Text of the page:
# How are public and private keys different?

I have a follow up question to Given a private key, is it possible to derive it’s public key?

Are the public and the private keys the 'same' (in the sense that you just choose to make one public) or can you do more with the private key than with the public key?

EDIT - to better state my question:

When the two keys are generated, could I just randomly choose one of them to be the public key?

-
I think this depends heavily on the encryption algorithm used. In some they are interchangeable, in others they aren't. This is related to this question: stackoverflow.com/questions/696472/… – Joachim Sauer Mar 30 '09 at 9:42
+1 for asking something I'd been wondering about for a while. – David Thornley Mar 30 '09 at 16:09
Related to security.stackexchange.com/questions/52495/… for RSA. – Gnubie Feb 16 at 23:29

It really depends on what you call "private key." In almost every practical sitation, the sender knowing the private key also knows the public key. It provides others with its public key so it needs to know it. So in essence, that "private key" will contain "public key" information or at least it can be derived from it.

Generally, you cannot swap private and public keys. In fact, they are not always of the same type (depending on the cryptosystem used). For instance, in ECDSA, your public key is a two-dimensional "point" on an elliptic curve, whereas your private key is a number.

-
In RSA, as the public key is calculated from the private key, switching them means your formerly private key is now the public key, and anybody could quite easily generate the formerly public key which you now use as your private key. Switching public/private keys in RSA makes RSA unsafe. – Martijn Jan 25 '13 at 14:33

Some paper descriptions present roles of public and private keys as quite symmetrical but you definitely can't swap roles of private and public key in real world.

Common usage:

• the public key must be used for encryption and verifying signature
• the private key must be used for decryption and signing

There is several reasons for that:

• you don't want to leave a choice to the user as to which key should be published and which not. The public key is published worldwide and you can consider it as your public identity. The private part is needed when you have to prove to someone else that you have more insight than others about this identity: you can read messages sent to it, you are able to sign messages that can be verifyed by anyone who knows your public id. If what part of public/private key to publish were left to the user you'll end end with users publishing both. But that's not the main reason.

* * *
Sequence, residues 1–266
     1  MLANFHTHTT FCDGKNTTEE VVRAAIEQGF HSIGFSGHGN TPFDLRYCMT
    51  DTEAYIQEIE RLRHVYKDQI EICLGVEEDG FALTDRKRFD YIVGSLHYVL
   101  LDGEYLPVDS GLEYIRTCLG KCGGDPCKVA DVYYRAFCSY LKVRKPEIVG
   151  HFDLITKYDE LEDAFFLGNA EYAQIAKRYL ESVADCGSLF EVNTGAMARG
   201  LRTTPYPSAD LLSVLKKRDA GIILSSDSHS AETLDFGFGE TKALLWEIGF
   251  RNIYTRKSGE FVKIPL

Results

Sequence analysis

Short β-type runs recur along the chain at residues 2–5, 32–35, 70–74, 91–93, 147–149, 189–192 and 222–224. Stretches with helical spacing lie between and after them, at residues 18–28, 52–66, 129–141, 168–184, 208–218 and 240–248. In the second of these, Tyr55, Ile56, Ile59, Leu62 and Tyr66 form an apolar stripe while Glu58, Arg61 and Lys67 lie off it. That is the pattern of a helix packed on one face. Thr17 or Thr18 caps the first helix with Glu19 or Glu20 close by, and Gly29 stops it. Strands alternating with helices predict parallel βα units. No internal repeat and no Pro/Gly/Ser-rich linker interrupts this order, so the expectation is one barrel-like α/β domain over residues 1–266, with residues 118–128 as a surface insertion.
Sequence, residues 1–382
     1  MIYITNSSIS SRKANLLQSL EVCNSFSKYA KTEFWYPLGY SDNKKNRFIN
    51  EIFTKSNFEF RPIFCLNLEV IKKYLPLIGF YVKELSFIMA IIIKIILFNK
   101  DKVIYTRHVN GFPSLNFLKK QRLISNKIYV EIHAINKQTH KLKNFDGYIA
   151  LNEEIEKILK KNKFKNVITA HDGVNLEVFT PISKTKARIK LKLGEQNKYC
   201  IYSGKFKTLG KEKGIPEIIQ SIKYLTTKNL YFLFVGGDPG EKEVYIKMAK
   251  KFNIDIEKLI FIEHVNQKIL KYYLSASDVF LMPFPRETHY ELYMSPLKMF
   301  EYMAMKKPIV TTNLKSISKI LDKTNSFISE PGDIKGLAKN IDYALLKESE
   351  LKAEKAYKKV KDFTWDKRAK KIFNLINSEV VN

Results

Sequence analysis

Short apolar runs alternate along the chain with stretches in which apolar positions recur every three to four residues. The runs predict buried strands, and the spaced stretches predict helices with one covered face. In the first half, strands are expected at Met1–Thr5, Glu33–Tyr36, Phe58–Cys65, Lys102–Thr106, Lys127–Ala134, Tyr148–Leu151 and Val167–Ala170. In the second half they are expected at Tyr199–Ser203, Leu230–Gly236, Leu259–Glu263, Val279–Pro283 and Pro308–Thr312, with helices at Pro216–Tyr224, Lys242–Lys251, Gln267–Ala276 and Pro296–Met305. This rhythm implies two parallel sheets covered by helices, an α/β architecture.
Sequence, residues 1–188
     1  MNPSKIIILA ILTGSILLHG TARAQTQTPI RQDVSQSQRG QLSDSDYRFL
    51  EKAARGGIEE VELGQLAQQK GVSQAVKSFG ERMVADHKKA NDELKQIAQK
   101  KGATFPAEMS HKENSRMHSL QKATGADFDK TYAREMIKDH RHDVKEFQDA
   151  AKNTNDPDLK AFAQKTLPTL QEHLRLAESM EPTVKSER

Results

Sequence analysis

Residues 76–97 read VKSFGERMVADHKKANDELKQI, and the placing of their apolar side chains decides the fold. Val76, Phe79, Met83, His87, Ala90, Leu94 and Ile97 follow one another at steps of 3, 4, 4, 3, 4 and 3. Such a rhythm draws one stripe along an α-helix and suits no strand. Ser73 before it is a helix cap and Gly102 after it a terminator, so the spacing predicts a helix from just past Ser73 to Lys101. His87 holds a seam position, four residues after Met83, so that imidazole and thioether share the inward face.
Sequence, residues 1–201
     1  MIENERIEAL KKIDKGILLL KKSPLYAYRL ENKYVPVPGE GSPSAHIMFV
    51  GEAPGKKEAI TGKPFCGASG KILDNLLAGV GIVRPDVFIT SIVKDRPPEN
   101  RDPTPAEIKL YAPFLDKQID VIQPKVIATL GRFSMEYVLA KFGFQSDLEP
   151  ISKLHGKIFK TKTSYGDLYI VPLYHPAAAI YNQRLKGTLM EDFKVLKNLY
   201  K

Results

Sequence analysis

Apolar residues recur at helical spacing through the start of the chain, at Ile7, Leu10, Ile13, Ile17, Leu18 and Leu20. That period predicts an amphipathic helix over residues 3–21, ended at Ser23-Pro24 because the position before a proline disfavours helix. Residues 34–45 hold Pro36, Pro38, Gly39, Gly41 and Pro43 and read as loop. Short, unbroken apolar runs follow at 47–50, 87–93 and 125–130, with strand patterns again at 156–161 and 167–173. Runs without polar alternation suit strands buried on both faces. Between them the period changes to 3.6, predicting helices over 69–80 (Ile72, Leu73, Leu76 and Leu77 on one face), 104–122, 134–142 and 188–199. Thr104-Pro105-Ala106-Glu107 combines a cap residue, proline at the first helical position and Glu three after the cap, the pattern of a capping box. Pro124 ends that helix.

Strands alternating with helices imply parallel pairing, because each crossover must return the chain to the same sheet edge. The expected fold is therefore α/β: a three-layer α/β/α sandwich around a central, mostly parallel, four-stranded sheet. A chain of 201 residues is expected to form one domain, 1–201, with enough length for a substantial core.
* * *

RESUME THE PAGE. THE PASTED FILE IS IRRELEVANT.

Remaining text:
• when you have private keys, you really have both keys every common implementation I know offer tools to extract public keys from private files. That's true for pgp, gpg, openssl. It means so called private key files store both private and public keys as described in algorithms. That's by design.

For exemple with openssl the sequence of commands to generate a RSA key pair can be:

``````openssl genrsa -out private.key 2048
openssl rsa -in private.key -pubout -out public.key
``````

It should be clear enough that the first command generate both keys in the private key file and that the public key is merely extracted from it.

The consequence is that if your private key is ever compromized, both your keys would be compromized. The other way around is secure, you can't deduce the private key if you know the public key neither from the file nor from a mathematical attack.

• encryption with private key is mathematically weak: well, the previous point is already enough, but some devious users could be considering using asymmetric cryptography keeping both keys hidden for exchanging data. Don't, use symmetric ciphering if you want to do that kind of exchanges. Yes it is possible to crypt a message using private key and decrypt it using public one (that's basically what is used for signing, but the use case is different as you also have initial message). Internal parameters of the two keys are not the sames and all the strongness of cryptography has been prooved only for the usual direction and common usage.
-
Awesome answer. Thanks. Puts the long story short ! – egelev May 19 '15 at 12:30

A cryptographic system that uses two keys -- a public key known to everyone and a private or secret key known only to the recipient of the message. When John wants to send a secure message to Jane, he uses Jane's public key to encrypt the message. Jane then uses her private key to decrypt it.

An important element to the public key system is that the public and private keys are related in such a way that only the public key can be used to encrypt messages and only the corresponding private key can be used to decrypt them. Moreover, it is virtually impossible to deduce the private key if you know the public key.

-

No. That is the idea of generating a pair of keys in PPK world. You typically encrypt with the public key and decrypt with the private key. So you'd share the public key with your friends and ask them to use it when they send you their bank account number.

-